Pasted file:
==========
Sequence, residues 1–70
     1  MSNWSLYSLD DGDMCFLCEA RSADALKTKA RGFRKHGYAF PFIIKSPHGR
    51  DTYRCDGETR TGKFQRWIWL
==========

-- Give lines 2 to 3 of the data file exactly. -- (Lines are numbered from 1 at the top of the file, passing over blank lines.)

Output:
     1  MSNWSLYSLD DGDMCFLCEA RSADALKTKA RGFRKHGYAF PFIIKSPHGR
    51  DTYRCDGETR TGKFQRWIWL